California’s long-awaited “endemic strategy” for dealing with COVID — and changes to the statewide school mask mandate — could be unveiled as soon as Monday, Gov. Gavin Newsom said Wednesday.
The governor’s remarks — which came during a press conference at which he signed into law a restoration of extra paid time off for COVID-related sick leave and assorted tax credits for businesses — offered the clearest glimpse yet into the state’s forthcoming plan for treating COVID like any other virus.
Although details remain murky, here are three key takeaways I gleaned from Newsom’s comments:
- New plans would likely allow for some level of local control. “As we move forward with … yet another phase of this pandemic, we do so mindful that each county local health officer, based on local conditions, will make determinations for themselves,” Newsom said. (Case in point: While eight of nine Bay Area counties will follow the state and let their indoor mask mandates expire after Feb. 15, Santa Clara County is joining Los Angeles County in holding off until specific conditions are met.)
- Educators are concerned about the consequences of low youth vaccination rates if school mask mandates are lifted. “That’s why we continue to work with those local health officers and local superintendents … school boards and leaders within the system and try to address their concerns as it relates to community spread, as it relates to what they anticipate experiencing once those mask requirements are removed,” Newsom said.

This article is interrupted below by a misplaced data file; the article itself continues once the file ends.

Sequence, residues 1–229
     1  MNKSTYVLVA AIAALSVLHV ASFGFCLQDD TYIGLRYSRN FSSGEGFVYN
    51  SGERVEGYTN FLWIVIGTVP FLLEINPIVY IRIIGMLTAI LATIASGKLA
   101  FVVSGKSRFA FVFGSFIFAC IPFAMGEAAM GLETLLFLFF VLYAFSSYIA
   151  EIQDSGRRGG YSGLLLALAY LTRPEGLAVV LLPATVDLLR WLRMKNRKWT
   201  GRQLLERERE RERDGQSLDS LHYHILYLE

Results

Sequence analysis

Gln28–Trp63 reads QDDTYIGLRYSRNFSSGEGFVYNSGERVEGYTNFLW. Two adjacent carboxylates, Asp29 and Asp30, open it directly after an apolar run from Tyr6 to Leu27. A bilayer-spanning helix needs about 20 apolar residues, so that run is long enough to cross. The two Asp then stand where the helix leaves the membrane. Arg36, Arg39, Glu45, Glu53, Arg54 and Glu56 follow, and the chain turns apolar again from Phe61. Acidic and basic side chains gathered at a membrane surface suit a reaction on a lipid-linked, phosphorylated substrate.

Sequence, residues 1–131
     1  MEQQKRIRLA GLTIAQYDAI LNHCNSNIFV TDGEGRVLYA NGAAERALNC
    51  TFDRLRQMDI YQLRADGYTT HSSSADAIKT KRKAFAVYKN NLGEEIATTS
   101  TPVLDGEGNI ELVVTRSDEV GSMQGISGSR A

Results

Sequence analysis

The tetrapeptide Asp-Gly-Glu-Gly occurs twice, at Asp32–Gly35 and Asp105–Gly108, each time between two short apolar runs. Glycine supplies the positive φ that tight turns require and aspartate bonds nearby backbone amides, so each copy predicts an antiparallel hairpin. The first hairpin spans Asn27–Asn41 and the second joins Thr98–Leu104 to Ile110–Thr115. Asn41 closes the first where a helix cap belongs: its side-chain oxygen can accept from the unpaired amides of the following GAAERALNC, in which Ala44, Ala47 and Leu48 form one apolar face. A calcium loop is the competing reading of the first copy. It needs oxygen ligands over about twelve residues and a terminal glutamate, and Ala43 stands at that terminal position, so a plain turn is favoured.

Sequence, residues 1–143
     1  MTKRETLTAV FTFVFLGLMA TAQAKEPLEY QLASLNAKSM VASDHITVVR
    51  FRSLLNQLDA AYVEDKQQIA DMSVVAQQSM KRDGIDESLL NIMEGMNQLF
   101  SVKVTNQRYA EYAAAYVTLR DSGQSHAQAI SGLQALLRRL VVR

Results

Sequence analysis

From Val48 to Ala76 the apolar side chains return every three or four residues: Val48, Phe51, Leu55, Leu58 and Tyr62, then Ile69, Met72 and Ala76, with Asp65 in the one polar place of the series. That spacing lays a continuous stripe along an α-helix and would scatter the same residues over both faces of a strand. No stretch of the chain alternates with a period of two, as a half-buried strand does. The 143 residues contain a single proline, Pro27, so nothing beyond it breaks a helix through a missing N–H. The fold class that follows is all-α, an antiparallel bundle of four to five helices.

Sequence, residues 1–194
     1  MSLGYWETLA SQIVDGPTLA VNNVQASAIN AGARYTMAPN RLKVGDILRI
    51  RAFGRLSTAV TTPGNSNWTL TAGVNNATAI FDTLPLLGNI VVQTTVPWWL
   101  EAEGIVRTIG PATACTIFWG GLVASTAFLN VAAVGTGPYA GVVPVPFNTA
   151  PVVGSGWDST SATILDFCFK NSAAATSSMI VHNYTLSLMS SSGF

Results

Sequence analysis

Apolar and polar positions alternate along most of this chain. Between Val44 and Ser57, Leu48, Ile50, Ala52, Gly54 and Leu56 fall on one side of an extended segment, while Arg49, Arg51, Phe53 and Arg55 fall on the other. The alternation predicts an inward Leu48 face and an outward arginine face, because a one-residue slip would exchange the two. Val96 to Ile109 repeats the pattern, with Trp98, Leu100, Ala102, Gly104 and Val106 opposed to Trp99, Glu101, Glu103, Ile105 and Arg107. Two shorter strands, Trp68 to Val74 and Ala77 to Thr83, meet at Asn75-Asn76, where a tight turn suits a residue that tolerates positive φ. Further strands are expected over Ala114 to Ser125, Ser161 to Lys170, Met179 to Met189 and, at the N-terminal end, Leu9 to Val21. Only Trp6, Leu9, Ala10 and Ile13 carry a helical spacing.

- Although conditions will continue to change, the state is prepared to take a definitive step in its approach to the virus. “We also are in a date with destiny, we recognize that we want to turn the page on the status quo,” Newsom said.
But even if the state were to lift its school mask mandate, the even more explosive issue of school vaccine mandates remains — and some district deadlines are rapidly approaching.
- Louis Freedberg, a veteran education journalist and past executive director of EdSource, recently opined that it would be “an educational and political impossibility” to keep the state’s sizable number of unvaccinated kids “out of school and in remote learning.”
- But Los Angeles Unified, anticipating that thousands of students won’t meet its vaccination deadline, voted Tuesday to move ahead with plans to establish six new online schools that could enroll up to 15,000 students.
- And if districts refuse to enforce the state’s inoculation mandate, they could lose significant amounts of state funding and liability insurance coverage.